Along with the USAF fighter pilot training, the 479th began training foreign personnel in F-4 operations and maintenance in March 1969, as they had done in the early 1960s with the F-104. Pilots were trained from Israel, Iran, Japan, and West Germany. In 1969 and 1970, F-4C and early model F-4E aircraft were used by the 4452d and 4535th Combat Crew Training Squadrons.
With the American withdrawal from its South Vietnamese bases in 1971, the 35th Tactical Fighter Wing was reassigned from Phan Rang Air Base to George AFB. Under a program where combat wings from the Vietnam War were retained in order to preserve and honor their combat heritage, the 479th was inactivated with the 35th absorbing the personnel, equipment and aircraft of the 479th on 1 October 1971.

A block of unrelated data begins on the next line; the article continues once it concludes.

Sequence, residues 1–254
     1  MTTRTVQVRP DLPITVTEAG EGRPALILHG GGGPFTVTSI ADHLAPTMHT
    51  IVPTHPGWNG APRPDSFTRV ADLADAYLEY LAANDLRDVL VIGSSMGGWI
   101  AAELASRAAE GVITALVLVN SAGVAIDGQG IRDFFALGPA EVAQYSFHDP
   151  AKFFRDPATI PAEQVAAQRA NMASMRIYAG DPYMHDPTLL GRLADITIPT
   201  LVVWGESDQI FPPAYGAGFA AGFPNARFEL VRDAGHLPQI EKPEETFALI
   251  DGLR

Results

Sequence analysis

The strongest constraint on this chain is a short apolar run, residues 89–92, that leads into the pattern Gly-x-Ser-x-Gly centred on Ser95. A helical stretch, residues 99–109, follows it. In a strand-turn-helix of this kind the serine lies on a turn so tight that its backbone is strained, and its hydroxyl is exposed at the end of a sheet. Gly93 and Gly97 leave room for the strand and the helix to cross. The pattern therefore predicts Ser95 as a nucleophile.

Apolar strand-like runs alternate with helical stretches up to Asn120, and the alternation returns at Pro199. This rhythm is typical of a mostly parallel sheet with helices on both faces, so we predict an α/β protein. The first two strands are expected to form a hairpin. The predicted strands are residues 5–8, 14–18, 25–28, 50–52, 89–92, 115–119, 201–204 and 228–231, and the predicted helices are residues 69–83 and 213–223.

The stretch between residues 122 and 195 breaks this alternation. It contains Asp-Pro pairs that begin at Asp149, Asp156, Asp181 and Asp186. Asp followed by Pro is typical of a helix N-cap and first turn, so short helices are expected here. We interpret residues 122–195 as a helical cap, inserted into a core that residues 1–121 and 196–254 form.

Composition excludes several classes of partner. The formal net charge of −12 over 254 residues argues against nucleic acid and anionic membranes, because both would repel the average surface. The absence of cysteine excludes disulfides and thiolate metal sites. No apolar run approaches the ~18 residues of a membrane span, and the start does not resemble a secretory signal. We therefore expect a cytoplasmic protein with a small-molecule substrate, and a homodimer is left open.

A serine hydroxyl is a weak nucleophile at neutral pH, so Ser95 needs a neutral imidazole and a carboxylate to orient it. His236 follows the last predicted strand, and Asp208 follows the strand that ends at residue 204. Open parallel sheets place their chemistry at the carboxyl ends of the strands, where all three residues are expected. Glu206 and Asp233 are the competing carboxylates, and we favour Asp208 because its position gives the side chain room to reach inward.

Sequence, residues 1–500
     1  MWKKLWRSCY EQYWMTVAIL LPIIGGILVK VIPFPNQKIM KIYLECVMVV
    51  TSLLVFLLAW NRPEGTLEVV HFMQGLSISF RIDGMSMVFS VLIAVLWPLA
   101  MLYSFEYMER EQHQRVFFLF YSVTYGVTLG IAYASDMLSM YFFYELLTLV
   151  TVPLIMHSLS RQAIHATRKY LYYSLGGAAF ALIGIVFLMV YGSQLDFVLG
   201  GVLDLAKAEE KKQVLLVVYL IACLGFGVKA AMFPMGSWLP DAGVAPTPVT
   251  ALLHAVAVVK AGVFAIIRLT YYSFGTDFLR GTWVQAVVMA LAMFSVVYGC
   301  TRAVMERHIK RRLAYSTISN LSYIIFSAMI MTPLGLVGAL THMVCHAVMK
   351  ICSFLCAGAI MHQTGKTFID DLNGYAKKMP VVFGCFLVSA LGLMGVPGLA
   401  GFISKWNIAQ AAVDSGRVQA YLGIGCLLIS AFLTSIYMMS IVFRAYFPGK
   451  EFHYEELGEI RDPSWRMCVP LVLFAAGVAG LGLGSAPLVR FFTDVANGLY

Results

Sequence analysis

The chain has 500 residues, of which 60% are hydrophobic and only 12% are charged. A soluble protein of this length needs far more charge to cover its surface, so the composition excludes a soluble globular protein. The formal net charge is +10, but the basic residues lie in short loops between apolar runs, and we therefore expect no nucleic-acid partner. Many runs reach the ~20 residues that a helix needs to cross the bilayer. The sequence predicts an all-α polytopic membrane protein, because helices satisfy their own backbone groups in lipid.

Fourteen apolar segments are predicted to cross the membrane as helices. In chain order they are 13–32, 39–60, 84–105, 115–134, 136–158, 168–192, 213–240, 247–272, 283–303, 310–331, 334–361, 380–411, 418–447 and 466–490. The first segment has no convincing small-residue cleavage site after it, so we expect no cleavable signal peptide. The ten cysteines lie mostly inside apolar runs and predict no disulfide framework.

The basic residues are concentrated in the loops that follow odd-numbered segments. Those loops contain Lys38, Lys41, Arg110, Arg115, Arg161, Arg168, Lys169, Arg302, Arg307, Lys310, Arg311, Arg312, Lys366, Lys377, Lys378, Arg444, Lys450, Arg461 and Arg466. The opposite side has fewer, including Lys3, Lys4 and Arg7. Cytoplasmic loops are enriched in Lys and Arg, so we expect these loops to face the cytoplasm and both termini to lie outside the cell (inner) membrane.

Flying Training Wing
The 479th was reactivated as 479th Tactical Training Wing on 1 January 1977 at Holloman AFB, New Mexico, flying the Northrup A T-38 Talon. The 479th TTW's mission was to provide Lead-In Fighter Training (LIFT) training for pilots assigned to fly the spectrum of Air Force fighter and attack aircraft in all service components (active, guard and reserve). Operational squadrons of the wing were:
All 479th TTW aircraft carried the "HM" tail code. The LIFT program was sharply cut back in 1991, with the training mission and aircraft being consolidated under the 586th Flight Training Squadron.